Malawi president Peter Mutharika says the past few months of his rule has demonstrated how serious his administration is in upholding the freedom of press in this Southern African country.
Mutharika told Malawi journalists Tuesday on his return of the AU Summit in Ethiopia that his administration has already managed to transform the Malawi Broadcasting Corporation (MBC) from state-run radio into public service broadcaster.
“We are committed to freedom of press. We have reformed the radio programs on MBC. Everyone is now covered. Everyone who has something worthwhile to say they will be covered by MBC television or radio,” claimed Mutharika.
He therefore said he was surprised with an accusation published in local media where some people [chairperson for the Media Institute for the Southern Africa, Malawi chapter Thom Khanje] accused his administration of failing to honour its commitment that it will pass the Access to Information Law.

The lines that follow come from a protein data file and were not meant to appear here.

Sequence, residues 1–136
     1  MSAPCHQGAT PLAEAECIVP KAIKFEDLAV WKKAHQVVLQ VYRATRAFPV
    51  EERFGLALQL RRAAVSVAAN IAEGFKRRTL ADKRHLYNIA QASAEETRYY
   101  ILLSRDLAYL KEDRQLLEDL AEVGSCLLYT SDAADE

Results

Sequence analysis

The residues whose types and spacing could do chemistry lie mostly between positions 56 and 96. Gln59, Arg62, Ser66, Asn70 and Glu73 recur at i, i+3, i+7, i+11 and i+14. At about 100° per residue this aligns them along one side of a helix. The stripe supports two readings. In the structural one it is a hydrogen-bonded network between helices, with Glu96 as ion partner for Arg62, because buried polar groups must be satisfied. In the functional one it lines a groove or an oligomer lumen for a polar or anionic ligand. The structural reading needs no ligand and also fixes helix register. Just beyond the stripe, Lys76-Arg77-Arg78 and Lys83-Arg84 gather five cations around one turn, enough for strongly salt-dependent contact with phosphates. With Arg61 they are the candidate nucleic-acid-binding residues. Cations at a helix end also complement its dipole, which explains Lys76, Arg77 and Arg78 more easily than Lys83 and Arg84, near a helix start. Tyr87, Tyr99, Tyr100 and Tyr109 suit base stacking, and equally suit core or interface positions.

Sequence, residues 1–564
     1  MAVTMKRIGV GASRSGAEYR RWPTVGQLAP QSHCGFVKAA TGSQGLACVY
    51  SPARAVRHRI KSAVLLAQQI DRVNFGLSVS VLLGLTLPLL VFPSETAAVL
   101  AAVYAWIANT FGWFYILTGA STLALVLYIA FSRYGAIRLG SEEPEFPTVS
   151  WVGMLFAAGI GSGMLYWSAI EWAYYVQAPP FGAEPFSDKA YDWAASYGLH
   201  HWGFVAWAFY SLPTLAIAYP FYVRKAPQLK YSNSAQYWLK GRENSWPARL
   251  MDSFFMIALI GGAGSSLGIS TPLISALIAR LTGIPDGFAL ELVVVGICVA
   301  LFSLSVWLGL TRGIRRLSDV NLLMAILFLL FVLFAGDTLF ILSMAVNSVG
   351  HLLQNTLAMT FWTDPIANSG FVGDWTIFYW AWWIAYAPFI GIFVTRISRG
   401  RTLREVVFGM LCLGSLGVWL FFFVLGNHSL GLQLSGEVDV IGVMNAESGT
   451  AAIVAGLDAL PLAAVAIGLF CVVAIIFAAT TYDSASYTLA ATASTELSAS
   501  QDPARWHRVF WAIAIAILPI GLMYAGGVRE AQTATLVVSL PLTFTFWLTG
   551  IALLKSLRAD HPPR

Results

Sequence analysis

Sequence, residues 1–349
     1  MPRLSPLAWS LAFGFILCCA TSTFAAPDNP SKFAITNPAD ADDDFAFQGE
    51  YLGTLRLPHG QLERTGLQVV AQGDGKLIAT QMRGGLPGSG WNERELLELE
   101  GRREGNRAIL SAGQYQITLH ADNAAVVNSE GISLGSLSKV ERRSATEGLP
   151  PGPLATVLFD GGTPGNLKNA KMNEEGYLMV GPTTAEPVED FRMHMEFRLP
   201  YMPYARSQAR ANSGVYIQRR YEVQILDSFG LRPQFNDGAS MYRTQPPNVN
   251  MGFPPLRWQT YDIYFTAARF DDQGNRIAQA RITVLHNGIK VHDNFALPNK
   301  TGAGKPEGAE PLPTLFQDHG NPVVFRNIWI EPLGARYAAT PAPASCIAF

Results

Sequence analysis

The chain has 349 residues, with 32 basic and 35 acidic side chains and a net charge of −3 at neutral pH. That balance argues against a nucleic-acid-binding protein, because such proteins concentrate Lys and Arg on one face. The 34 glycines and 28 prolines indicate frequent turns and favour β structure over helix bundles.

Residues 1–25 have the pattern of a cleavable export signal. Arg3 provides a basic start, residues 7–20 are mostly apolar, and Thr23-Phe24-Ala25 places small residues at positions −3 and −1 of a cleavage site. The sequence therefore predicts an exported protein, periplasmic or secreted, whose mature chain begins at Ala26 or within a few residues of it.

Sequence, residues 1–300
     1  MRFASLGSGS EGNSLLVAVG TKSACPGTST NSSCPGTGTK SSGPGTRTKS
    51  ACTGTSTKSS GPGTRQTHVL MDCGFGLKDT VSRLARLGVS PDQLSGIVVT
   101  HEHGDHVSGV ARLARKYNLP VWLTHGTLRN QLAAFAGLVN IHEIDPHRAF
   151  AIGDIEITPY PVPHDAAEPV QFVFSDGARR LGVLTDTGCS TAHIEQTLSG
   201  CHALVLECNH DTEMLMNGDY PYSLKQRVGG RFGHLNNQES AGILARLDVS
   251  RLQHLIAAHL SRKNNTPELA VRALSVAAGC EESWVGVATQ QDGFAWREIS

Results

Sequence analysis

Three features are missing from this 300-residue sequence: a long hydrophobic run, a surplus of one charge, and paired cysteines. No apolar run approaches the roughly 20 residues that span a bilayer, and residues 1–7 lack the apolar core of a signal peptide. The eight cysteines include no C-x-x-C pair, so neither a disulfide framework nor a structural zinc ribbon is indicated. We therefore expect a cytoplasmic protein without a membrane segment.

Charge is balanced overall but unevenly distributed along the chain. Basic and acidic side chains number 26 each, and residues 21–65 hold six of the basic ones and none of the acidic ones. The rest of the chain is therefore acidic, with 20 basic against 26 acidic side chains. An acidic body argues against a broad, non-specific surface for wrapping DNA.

Khanje said in a published statement that the failure by Mutharika’s administration to bring the Bill in current sitting of parliament has put government’s integrity into question.
But Mutharika said it is unwise to accuse him of failure on the bill.
“We have been in government for only six months and d we cannot introduce all the laws in one session of parliament. It also should be known that there are other four bills lined up for debate during the current sitting. These are Marriage Bill, Human body parts trafficking bill, Electronic transfer bill and the sachets liquor Bill. “
Mutharika said it is a fact that parliament cannot be able to debate all these bills in three weeks’ time “so other bills will be discussed during later sessions.”
He therefore asked Malawi journalists and all those pushing for the passing of the Information Bill to exercise more patience.